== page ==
Gratitude Journals – Do They Really Work?

Gratitude journals have become extremely popular with many therapists, coaches, and psychologists who have discussed them with their clients. Sometimes called “counting your blessings” or “three good things,” it involves writing down at least three things you are grateful for on a regular basis. Journal entries can be full sentences or a single word.

The idea being that when you start registering what you’re grateful for, you start training your brain to search for more things to be grateful for. A simple search online for the benefits of a gratitude journal reveals tremendous support for the success of gratitude journals in improving mental and physical health. This includes reducing stress, improving sleep, feeling more optimistic about the future, overcoming loneliness, and reducing anxiety.

But where is the science behind all this?

A study reported by found that people who wrote down 3 good things that happened in their day, along with the cause, felt significantly happier and less depressed even 6 months after the study ended. Physiological changes associated with journaling gratitude included a drop in blood pressure and heart rate as well as stimulation of digestion.

Expressing gratitude has been shown to release hormones from our brains, including:

Dopamine- Triggers positive emotions

Serotonin – Improves our mood, willpower and motivation

Oxytocin – Calming effect

So, research suggests that regular gratitude journals could really support our mental and physical fitness.

But are there any downsides?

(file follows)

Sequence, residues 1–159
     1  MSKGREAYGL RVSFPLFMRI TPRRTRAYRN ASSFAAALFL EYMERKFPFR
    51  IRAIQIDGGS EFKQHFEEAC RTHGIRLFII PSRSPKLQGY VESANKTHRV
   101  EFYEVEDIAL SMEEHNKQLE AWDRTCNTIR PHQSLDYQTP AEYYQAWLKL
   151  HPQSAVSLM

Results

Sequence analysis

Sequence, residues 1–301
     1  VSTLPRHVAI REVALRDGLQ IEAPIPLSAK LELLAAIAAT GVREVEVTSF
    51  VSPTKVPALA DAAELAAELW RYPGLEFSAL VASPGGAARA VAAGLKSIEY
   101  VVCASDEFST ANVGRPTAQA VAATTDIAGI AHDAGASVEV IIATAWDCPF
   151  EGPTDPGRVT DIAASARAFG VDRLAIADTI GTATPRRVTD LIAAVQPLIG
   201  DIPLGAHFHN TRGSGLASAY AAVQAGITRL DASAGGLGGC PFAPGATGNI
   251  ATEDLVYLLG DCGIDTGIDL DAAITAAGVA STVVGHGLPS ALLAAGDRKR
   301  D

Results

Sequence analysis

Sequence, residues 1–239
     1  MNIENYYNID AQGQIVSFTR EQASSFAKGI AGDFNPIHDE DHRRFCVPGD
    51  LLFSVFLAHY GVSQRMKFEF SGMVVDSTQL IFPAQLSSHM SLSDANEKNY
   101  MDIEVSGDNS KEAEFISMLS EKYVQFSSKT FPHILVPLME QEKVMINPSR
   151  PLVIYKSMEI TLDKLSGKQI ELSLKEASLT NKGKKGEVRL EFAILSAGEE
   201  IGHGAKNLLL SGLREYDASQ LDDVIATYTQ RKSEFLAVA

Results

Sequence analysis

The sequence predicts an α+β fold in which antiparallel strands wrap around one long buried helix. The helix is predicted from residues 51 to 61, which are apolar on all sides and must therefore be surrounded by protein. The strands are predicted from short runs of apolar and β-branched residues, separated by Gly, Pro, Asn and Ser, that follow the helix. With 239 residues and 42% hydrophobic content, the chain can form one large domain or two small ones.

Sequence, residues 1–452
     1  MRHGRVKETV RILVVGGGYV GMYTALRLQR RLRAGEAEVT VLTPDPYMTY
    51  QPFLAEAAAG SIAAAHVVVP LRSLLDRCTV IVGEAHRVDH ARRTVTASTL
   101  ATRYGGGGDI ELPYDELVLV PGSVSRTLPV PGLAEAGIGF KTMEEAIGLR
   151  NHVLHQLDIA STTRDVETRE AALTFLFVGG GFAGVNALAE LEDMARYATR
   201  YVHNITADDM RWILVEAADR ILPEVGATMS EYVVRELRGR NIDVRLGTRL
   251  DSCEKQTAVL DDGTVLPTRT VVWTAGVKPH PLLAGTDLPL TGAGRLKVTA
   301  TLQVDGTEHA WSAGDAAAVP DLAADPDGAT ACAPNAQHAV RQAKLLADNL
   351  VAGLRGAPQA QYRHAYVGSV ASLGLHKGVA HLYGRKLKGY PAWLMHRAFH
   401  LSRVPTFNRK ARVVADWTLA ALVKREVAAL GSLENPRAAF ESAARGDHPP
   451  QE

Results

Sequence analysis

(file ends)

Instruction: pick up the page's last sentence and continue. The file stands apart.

It may be possible to “overdo” a gratitude journal. If you make too long a list of things to be grateful for and find it hard to find things to write down, you may end up feeling less grateful than if you didn’t keep a journal! In one study, people who filled in their gratitude journal weekly were happier after six weeks than those who filled it in three times a week. If you’re having trouble finding things to include in your gratitude journal, try reducing the frequency or number of things you include in your journal.

Gratitude can be confused with indebtedness. Someone may have done something for you, but if you feel like you owe them now, any appreciation can be overridden by the need to pay them back. Check your entries – Do you feel a positive emotion as a result of the gratitude entry?

Focusing on gratitude shouldn’t mean we completely ignore the negatives. You also have to pay attention to the things in your life that are not as you would like them to be. An alternative approach to the standard gratitude journal is to write down 3 things you are grateful for and one thing you would like to improve. Obviously, the individual task of writing down an area for improvement is unlikely to change it without further action, but writing it down as part of a gratitude journal can help balance the negative with the positive.

In summary, the neuroscience of keeping a gratitude journal seems worthy of consideration for all of us, but like so many tools at our disposal, not all tools work for everyone, so we would do well to be cautious.